The Los Angeles Rams made two big statement moves this offseason by trading for quarterback Matthew Stafford and re-signing edge-rusher Leonard Floyd. The cap-strapped Rams had to operate in the margins. That meant losing several key pieces to free agency and acquiring affordable veterans.
The Rams’ offense desperately needed speed when both Josh Reynolds and Gerald Everett departed. Neither player developed into a consistent playmaker despite their athleticism. Sean McVay decided to add speed with DeSean Jackson.
Jackson has been a human highlight reel throughout his career. The 34-year-old is now in the twilight days, entering his 14th season. The thought of Jackson is illustrious because he still has the deep speed of almost any burner in the league. His one-year, $4.5 million deal shows the team values his potential contribution. Can he actually help the Rams this year? We’re going to break down every angle of the Rams’ fit and Jackson’s remaining impact.
What Jackson Brings to the Rams
On paper this signing fills a big need. The loss of Brandin Cooks via trade two years ago is actually what led the Rams to pursue Jackson. Cooks was the modern-day Jackson, but the Rams couldn’t pay his bloated salary, and hoped Reynolds was ready to take the role thanks to his own deep receiving ability.
Jackson can slide into the Z-receiver role but not on a full-time basis if history repeats itself. Though Jackson says he’s now fully 100 percent healthy, he hasn’t played a full 16-game season since 2013 and has only done so twice in his career. Injuries have plagued him in recent years, causing him to miss 24 games in the last two seasons. Remember that when looking at the Rams for your sports betting.
The Rams have one of the best training staffs in the league based on their recent track record and they’re banking on them to keep him on the field. Rotating Jackson with another speedster would be another way to ensure he’s available for a large chunk of the season. If they can, Jackson’s signing may not mirror the Bears’ signing of Ted Ginn, who made no impact for the team in 2020 despite needing his downfield presence.
Impact on the Passing Game
The idea of Jackson with Stafford is tantalizing if it works as well as it does in Madden. But Stafford is a relatively mediocre deep passer despite his arm strength, and Jackson’s lack of availability since 2018 makes it hard to know if he can still reliably separate from corners. There’s more downside to the signing than there is upside with all things considered from an asset spending side and injury risk.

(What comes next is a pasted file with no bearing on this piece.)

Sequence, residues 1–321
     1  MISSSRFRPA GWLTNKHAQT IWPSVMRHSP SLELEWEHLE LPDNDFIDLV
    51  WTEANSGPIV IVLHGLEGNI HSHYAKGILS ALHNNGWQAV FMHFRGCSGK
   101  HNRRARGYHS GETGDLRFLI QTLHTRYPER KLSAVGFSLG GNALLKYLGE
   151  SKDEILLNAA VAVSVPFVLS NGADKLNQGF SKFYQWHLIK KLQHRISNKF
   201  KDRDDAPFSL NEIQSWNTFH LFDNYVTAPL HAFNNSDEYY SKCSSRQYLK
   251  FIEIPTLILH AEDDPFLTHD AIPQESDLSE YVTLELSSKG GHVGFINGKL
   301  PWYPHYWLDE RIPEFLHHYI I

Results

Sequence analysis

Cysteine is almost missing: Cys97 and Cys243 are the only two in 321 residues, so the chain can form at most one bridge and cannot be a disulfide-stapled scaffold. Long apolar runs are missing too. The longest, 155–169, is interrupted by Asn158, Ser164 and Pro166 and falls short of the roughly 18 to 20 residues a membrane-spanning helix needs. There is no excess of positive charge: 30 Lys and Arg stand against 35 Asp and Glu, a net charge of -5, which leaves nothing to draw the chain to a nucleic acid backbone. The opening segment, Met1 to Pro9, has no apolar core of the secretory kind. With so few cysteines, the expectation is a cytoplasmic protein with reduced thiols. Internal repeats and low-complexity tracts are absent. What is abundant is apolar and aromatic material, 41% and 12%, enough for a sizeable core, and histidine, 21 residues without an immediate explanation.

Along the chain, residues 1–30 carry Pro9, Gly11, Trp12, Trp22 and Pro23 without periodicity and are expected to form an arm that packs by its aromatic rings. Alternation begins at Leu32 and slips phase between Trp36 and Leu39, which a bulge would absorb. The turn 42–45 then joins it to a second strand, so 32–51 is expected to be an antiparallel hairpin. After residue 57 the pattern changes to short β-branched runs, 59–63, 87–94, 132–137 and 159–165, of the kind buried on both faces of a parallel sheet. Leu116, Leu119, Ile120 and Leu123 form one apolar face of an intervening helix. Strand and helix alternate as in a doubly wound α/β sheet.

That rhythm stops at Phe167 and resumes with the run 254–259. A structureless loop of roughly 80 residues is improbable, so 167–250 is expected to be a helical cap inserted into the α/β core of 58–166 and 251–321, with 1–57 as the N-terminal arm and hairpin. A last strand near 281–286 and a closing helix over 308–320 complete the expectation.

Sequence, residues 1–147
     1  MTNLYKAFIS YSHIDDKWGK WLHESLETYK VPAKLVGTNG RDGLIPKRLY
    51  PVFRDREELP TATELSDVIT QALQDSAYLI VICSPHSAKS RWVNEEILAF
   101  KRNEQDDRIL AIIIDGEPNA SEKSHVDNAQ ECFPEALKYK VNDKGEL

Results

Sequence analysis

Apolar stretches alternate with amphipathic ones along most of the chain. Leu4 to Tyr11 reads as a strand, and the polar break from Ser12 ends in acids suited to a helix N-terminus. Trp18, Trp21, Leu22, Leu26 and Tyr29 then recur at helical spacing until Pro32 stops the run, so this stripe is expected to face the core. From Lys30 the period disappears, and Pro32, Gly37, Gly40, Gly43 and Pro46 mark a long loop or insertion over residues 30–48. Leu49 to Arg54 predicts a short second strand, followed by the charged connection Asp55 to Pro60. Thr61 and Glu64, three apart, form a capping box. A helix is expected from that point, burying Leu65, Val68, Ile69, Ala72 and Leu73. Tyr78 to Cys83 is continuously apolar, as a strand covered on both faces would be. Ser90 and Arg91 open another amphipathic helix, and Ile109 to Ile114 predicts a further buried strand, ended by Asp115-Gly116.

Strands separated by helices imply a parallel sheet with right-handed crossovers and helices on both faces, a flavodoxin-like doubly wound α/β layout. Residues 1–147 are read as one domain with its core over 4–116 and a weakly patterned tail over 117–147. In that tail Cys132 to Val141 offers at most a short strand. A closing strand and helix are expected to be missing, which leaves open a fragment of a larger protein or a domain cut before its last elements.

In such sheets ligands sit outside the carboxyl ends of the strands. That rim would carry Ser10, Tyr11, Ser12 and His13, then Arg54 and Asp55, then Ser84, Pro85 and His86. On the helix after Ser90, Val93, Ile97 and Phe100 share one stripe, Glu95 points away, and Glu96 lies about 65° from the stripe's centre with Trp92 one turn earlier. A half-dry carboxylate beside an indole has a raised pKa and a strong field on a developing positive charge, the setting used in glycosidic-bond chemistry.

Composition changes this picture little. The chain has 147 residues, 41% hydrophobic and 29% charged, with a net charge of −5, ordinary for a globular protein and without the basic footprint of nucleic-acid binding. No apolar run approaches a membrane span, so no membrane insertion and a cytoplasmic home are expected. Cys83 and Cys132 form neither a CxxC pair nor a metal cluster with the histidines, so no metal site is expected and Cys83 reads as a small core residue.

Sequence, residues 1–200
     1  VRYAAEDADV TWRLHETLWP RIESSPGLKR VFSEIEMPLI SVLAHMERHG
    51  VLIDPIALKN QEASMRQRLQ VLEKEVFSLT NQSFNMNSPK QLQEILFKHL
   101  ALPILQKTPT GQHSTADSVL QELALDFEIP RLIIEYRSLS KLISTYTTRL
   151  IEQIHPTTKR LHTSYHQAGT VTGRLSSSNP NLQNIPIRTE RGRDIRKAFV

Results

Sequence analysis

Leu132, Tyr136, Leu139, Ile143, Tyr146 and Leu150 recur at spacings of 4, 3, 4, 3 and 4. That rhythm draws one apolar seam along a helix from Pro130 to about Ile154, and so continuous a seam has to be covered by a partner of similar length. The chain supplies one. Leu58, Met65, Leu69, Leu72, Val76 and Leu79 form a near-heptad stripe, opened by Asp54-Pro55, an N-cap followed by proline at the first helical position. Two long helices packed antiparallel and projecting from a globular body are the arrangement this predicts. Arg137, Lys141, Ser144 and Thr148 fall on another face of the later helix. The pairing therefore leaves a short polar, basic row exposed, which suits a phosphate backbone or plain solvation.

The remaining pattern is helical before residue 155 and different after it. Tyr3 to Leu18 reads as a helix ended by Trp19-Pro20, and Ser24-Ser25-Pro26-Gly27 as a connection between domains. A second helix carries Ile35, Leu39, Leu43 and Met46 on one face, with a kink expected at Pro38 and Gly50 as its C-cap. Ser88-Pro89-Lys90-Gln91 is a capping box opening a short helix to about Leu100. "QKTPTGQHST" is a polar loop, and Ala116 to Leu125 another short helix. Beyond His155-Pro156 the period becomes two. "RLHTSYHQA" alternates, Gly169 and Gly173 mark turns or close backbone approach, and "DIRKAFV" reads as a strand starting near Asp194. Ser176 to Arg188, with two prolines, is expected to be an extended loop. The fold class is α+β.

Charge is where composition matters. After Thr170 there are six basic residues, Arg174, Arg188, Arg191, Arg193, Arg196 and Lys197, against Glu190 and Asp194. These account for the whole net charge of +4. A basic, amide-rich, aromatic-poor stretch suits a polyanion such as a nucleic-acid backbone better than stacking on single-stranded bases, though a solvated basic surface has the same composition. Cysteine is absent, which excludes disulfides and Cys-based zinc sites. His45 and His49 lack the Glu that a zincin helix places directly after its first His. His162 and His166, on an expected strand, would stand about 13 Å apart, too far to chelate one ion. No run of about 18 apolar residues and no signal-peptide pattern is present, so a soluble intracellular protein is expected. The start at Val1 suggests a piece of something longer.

Best case for the Rams and fantasy owners is for Jackson to continue being a low-volume, high efficiency target like he’d been over the last three years. His 2018 season would be an incredible outcome for this value. He averaged 18.9 yards per reception on 41 catches. That was good for 9.2 fantasy points per game and 110 total on the year.
The Rams should slightly increase their passing volume with the transition from Jared Goff to Stafford since McVay believes in the veteran more. There’s room for Jackson to naturally slide into Reynold’s 81 targets even with Cooper Kupp back for a full slate. The dilemma likely coming is how much will Jackson split with a rookie if the Rams draft one on Day 3, which they should due to their lack of a long-term solution to their speed problem.
Will Jackson Help the Rams?
The answer of whether Jackson can help the Rams in 2021 is absolutely a “yes”, but the likelihood he’s a difference maker in more than two or three games is low. Jackson has to stay available, and develop chemistry with Stafford in a way that Stafford never has with a true speedster. He’s done well with big receivers who win at the catch point and hasn’t proven he can hit speed threats deep in stride consistently.
We’re selling Jackson’s overall impact on the season and his fantasy outlook unless you’re in a deep league and want a flier pickup for cheap. Rams backers should be careful on overestimating this signing when making NFL Picks.